When your child receives a diagnosis of juvenile idiopathic arthritis, you may find yourself quite confused about the diagnosed condition. After all, many people associate arthritis with the aging process and the thought of having a child with this condition can be tough to wrap your mind around. Get to know more about juvenile idiopathic arthritis as well as the treatment options available from an arthritis specialist that can help you and your child better handle the situation and this potentially debilitating condition.
What Is Juvenile Idiopathic Arthritis?
Juvenile idiopathic arthritis is a type of auto-inflammatory disease. This means that it is a disorder that affects the immune system and that it causes inflammation in the body. While there are several sub-types of juvenile idiopathic arthritis, they have some basic characteristics in common.
This is a disorder in which the body's immune system is overly active and on such high alert that it actually attacks healthy cells and tissues throughout the body rather than attacking viruses and bacteria that have invaded the body. The different sub-types of this condition determines what joints are affected and can determine whether or not a high fever or other symptoms will also occur.
The causes of juvenile idiopathic arthritis are not fully known. However, there are genetic components to the disorder and certain gene markers that can be identified which are linked to this form of arthritis. These markers may eventually be able to help researchers develop more effective treatments for juvenile idiopathic arthritis and may even lead to a cure in the distant future.
What Are The Treatment Options For Juvenile Idiopathic Arthritis?
One of the primary treatments for juvenile idiopathic arthritis is non-steroidal anti-inflammatory medications. These medications can be administered in both prescription and over-the-counter varieties and can help to reduce the pain and discomfort associated with this disorder as well as help with any fever that may also be present.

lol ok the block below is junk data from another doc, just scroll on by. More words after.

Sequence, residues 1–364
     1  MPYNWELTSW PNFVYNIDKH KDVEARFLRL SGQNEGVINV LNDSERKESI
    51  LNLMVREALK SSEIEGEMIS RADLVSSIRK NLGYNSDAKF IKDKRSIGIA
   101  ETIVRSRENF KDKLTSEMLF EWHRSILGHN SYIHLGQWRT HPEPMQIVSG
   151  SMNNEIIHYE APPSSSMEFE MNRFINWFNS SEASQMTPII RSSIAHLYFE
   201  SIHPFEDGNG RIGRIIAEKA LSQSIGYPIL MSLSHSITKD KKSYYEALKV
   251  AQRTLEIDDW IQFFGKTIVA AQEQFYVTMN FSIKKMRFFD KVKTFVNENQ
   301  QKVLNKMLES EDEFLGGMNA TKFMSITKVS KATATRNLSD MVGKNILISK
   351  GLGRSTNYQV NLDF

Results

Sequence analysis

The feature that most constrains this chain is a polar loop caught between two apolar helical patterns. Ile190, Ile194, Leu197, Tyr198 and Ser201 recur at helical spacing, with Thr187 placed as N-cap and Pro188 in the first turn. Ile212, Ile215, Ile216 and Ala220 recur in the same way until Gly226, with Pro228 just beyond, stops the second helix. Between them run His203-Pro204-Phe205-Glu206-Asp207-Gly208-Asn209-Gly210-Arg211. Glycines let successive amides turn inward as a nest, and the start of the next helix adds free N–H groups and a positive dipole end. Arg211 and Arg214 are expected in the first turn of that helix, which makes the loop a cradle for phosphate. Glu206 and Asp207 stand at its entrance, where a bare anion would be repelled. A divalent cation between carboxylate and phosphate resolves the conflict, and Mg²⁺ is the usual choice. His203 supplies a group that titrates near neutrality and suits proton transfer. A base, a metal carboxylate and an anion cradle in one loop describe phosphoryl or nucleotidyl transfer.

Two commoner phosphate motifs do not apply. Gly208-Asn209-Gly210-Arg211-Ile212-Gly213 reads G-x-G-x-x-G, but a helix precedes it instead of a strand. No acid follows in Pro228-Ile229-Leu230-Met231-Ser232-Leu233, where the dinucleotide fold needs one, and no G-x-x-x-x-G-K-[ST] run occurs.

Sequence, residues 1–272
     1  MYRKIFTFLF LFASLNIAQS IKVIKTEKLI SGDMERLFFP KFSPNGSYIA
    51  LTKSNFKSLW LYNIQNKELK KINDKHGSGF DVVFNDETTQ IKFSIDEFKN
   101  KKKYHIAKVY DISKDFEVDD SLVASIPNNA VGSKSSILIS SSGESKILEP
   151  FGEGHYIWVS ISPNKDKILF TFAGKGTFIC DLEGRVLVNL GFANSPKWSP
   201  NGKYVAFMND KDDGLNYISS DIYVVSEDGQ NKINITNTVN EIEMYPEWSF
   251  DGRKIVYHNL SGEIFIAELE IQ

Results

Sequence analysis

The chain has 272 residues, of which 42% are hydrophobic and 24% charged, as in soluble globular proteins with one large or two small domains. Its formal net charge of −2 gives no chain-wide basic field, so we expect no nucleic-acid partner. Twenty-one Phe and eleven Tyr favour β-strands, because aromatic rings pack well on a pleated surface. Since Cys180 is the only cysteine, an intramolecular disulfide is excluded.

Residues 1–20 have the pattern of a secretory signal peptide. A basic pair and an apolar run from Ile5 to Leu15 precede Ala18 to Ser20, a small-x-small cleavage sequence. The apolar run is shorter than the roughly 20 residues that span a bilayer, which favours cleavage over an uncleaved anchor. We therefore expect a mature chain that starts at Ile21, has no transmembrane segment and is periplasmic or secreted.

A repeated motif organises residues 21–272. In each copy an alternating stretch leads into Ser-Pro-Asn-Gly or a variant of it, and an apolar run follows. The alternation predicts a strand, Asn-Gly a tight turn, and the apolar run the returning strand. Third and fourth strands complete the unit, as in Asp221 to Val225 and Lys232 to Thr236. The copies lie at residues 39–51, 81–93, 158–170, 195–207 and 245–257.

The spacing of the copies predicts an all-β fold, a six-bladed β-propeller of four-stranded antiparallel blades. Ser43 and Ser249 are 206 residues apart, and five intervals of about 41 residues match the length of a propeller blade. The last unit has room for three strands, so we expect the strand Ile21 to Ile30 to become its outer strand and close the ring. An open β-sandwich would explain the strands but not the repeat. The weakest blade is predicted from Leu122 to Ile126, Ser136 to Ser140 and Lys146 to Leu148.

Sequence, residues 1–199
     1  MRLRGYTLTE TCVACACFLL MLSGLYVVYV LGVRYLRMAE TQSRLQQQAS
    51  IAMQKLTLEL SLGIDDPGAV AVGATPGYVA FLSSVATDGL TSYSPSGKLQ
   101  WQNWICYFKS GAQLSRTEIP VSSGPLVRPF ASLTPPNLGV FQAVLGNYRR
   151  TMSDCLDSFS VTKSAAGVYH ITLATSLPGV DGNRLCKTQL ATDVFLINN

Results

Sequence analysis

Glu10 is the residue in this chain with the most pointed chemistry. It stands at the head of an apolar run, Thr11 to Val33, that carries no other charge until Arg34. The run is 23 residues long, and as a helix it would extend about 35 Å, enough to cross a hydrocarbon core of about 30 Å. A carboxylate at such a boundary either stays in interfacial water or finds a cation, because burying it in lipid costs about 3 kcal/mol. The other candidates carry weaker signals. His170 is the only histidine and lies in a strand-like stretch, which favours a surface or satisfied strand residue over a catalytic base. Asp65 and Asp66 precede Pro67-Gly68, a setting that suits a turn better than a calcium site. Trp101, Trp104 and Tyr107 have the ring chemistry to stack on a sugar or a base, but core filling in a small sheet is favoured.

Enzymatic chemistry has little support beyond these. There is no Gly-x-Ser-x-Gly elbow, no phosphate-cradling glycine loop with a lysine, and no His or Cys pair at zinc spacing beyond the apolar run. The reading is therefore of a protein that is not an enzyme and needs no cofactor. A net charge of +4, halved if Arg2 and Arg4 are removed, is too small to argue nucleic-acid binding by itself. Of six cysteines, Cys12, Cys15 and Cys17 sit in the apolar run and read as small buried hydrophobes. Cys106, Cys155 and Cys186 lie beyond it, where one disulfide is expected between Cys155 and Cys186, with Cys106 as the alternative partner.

If this does not work or is only marginally effective, the next step would be to try drugs that are known as anti-rheumatic drugs. These medications take longer to have an effect on the body and may help to relieve pain and inflammation in cases where NSAIDs do not. Cortisone injections into the affected joints can also be a highly effective treatment option and can temporarily relieve much of the discomfort in the joints receiving the injection.
Your child may also benefit from occupational and physical therapy for their juvenile idiopathic arthritis, as it can be difficult with stiffness and inflammation in the joints to perform the necessary daily activities that most children engage in. The more your child is able to remain active and engaged in their daily life, the better they can cope with and recover from juvenile idiopathic arthritis.
Now that you know more about juvenile idiopathic arthritis and the treatments available for it, you can better provide care for your child as they cope with this painful inflammatory disorder. Contact an arthritis specialist for more info.Share